Best story I’ve read in a long time…

3 05 2012

From Fast Company magazine comes the unlikely story of gang members, felons, bakers, and businessmen … and a Catholic priest who lives by the motto “You are so much more than the worst thing you’ve ever done.”

Please. Go read it now. You won’t regret it. 🙂

Loaves + Fish = Great Idea!

13 05 2010

So I was reading the story of Jesus feeding the multitude, when suddenly it occurred to me … Jesus would  have been a great youth minister!

I mean, look at this model of ministry:

1. Free Food! It’s a well-known fact that teenagers (and college students…and well, maybe everyone) are 10 times more likely to show up when there’s free pizza.

2. Flashy Miracle!  I’m not saying that multiplying the food was a gimmick…but it certainly gave people something to talk about.  And really, it’s not all that different from ministries that give away iPods, or ministers who offer to shave their heads when enough people show up for youth group.  Bottom line is, we want our meetings to be absolutely positively cool enough for our students to talk about with their friends when they get to school the next day.

But the best part about Jesus’ model is that it doesn’t stop there.  The next day, when the crowd shows up again, Jesus has some sharp words for them:

You’ve come looking for me not because you saw God in my actions but because I fed you, filled your stomachs—and for free.  Don’t waste your energy striving for perishable food like that. Work for the food that sticks with you, food that nourishes your lasting life, food the Son of Man provides. He and what he does are guaranteed by God the Father to last.

Gimmicks and free food are fine…at first.  But if we never challenge our students to move beyond a superficial understanding of faith, then we’re not doing our job.  If we feed their bellies every week and never feed their souls, then something’s missing.   As we introduce them to the Bread of Life, the invitation is always the same: “Taste and see that the Lord is good!”

Creepy, yes? This is what happens when you google "Jesus pizza." From


16 01 2010

“The kingdom of heaven is like yeast that a woman took and mixed into a large amount of flour until it worked all through the dough.”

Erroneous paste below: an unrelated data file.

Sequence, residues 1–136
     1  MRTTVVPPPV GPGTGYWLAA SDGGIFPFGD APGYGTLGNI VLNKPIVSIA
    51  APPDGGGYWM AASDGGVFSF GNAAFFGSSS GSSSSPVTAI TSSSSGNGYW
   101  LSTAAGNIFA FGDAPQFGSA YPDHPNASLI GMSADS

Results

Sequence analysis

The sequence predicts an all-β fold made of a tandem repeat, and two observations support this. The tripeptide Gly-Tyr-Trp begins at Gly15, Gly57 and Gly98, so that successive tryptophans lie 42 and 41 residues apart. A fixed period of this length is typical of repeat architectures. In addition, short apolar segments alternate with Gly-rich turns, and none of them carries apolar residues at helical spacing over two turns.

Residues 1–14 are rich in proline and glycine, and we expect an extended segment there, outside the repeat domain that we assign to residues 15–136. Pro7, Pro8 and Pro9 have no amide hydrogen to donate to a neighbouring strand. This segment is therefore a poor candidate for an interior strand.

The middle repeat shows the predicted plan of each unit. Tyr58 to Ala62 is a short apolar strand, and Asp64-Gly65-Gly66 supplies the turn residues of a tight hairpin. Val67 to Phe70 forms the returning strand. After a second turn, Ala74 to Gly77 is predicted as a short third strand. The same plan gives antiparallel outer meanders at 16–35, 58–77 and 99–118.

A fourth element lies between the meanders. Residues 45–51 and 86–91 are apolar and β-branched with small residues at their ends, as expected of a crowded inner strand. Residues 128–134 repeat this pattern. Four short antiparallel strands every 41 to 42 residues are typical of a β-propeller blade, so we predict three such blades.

– Matthew 13:33

I’m in the process of making ciabatta bread (it’s actually a two-day process; I just made the poolish, or starter, which will be transformed into a few loaves of home-baked goodness tomorrow). One of my Christmas presents was a book called The Bread Baker’s Apprentice. The author, Peter Reinhart, spends the first 90 pages telling a story about his experience entering and winning a national bread contest, and then expounding on various theories and techniques in the creation of artisan bread (this is before you ever even get to the recipes).

I dutifully sat down and read the opening section tonight before I started baking my bread, and soon I discovered a world far more complex and fascinating than simple step-by-step formulas (which was, I believe, Peter Reinhart’s intention). My head is spinning with new vocabulary and scientific processes and mathematical calculations, and I am intrigued enough to wonder how many varieties of ciabatta I could make, simply by tweaking the ratios here and there.

One point from Reinhart’s introduction especially stood out to me: “Remember that our mission is to evoke from the wheat the fullness of its flavor. The flavor of bread comes from the grain, not from the yeast. Leaven should not draw attention to itself but to the grain. Therefore, a baker’s maxim is to use only as much yeast as is necessary to get the job done. This minimizes the flavor of the yeast and maximizes the flavor of the grain” (53).

I couldn’t help but read that paragraph in kingdom-terms (and I apologize if I’m stretching the metaphor too far by trying to explain myself). For we only experience the tiniest glimpse of the kingdom of heaven, yet that is enough to work its way through all of the “dough.” And as the yeast works, it makes the dough rise and become far bigger than it ever could on its own.

And what about “maximizing the flavor of the grain?” Now, here’s an interesting thing. Ordinary flour contains two partial proteins, gliadin and glutenin. One of the main goals of the mixing process, I learned, is to allow those two proteins to link up and form glutin, the protein in wheat that gives bread its flavor. By themselves, the partial proteins are nothing. But the whole — glutin — is essential to the entire process.